A reservoir dog's dinner

This 1970s B-movie homage is Tarantino on autopilot - two hours of utter trash

<strong>Death Proo

In spring this year, US audiences were presented with Grindhouse, a three-hour-plus homage to sleazy 1970s exploitation cinema comprising two features - Robert Rodriguez's Planet Terror and Quentin Tarantino's Death Proof - and a handful of trailers for fake B-movies. But most people baulked at the prospect of a long, gory paean to an art form they never loved in the first place and so Grindhouse was a huge flop. Its constituent parts are now being released separately, with Death Proof the first to arrive here. Extended from its original running time of 90 minutes to almost two hours, it represents a sort of embarrassment of riches, only without the riches.

Tarantino has suffered in the past from a size problem. Reservoir Dogs and Jackie Brown felt perfectly scaled (and pretty much perfect all round), but Pulp Fiction was seriously flabby and Kill Bill was so overweight that it had to be carved into two parts. The director's eagerness to dish up such generous portions would be endearing if he weren't serving slop these days. For anyone who believed Tarantino was capable of greatness, Death Proof can only induce despair.

The picture follows the efforts of a craggy psychopath called Stuntman Mike (Kurt Russell) to slaughter as many comely young women as possible with his customised Dodge Charger - either by speeding towards their oncoming vehicles or by swerving so violently that any unfortunate passenger he's carrying will be smashed against the partition separating her from him. (You'll know the feeling if you've ever been on a double-decker bus going over speed bumps.) Mike sets his sights on a gang of friends boozing in Texas, but the heart sinks when the whole scenario starts again an hour later with Mike terrorising a different group led by Zoë (Zoë Bell, who was Uma Thurman's stunt double in Kill Bill). The jive talk that goes pointlessly round in circles, and the familiar references to old films and TV shows, suggest Tarantino is writing on autopilot, while the interminable takes make you think he's switched on the camera and then wandered off for a burrito. The credits read "Edited by Sally Menke", but "Not edited by anyone" would be more accurate.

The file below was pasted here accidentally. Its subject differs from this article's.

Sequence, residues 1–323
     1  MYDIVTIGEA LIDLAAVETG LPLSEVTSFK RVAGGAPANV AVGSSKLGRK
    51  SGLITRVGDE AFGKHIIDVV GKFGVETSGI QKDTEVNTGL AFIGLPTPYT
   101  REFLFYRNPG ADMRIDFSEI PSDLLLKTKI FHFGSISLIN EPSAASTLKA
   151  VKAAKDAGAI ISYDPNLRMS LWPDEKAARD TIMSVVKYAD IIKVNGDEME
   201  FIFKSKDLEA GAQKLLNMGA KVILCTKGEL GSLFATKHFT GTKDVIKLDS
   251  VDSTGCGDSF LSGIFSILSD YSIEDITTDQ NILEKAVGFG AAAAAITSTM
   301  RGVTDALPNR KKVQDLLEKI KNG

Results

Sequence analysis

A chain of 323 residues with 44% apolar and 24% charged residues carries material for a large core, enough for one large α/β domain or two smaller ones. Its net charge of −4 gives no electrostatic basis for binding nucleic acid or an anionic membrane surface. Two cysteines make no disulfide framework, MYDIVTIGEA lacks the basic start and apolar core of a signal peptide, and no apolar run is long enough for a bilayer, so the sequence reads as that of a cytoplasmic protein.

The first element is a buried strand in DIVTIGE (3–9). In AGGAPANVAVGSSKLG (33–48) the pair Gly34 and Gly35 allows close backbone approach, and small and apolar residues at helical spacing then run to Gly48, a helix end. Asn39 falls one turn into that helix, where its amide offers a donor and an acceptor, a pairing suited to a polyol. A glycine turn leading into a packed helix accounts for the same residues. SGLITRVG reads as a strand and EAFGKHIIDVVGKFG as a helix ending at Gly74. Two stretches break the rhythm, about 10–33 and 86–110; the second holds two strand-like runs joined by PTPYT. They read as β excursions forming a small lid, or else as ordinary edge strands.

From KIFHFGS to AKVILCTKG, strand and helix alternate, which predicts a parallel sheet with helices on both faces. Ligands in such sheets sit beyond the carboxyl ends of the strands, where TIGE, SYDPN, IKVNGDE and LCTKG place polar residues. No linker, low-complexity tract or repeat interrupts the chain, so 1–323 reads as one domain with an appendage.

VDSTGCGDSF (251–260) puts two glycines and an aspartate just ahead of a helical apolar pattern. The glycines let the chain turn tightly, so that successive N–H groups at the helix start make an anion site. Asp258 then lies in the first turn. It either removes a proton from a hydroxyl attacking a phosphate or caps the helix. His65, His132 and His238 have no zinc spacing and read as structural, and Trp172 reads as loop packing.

There was always a tacky, low-rent undercurrent to Tarantino, but what's missing here is the imaginative skill that once offset it. In his best work, he purloined elements from the crummy films that shaped his sensibility and took them to a higher level. With Death Proof, he shows that he can make irredeemable trash without any artistic aspirations. That he succeeds is no cause for cheer, any more than it would be if, say, Burt Bacharach confined himself to composing football chants.

I liked the attempts to pass the film off as an authentic poor-quality relic - the deliberately scratched, faded print keeps jumping, and slips into black and white at one point. It would have been more convincing if the film itself had been a period piece, but the sight of mobile phones and the mentions of iPods and CGI pull us out of any such illusion. The trouble is that Death Proof needs that illusion in order to work.

It's uncomfortable enough when the camera leers over female behinds in tight shorts, or when Zoë persuades a redneck to let her borrow his car by inviting him to have his wicked way with her oblivious friend, who is dressed conveniently as a cheerleader. The pretence that we're watching a genuine 1970s B-movie at least offers some tenuous justification for such immature touches - that is how these films really were, we can tell ourselves. Without that, Death Proof loses its thin protective coating of irony, which is about all it has going for it.

Goodness knows Tarantino needs whatever armour he can get. Nothing in his writing suggests he has ever actually spoken to a member of the opposite sex - he gives his female characters pages of dialogue, then has them talk like a comic-book nerd's idea of the perfect woman. That's the least of the film's woes. We should ask instead how a director who was on fire only 15 years ago can have resorted so quickly to treading water. If Death Proof proves anything, it's that creative death can strike the liveliest talents. All told, it's a right reservoir dog's dinner.

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Ryan Gilbey is the New Statesman's film critic. He is also the author of It Don't Worry Me (Faber), about 1970s US cinema, and a study of Groundhog Day in the "Modern Classics" series (BFI Publishing). He was named reviewer of the year in the 2007 Press Gazette awards.

This article first appeared in the 24 September 2007 issue of the New Statesman, Trouble ahead: the crises facing Gordon Brown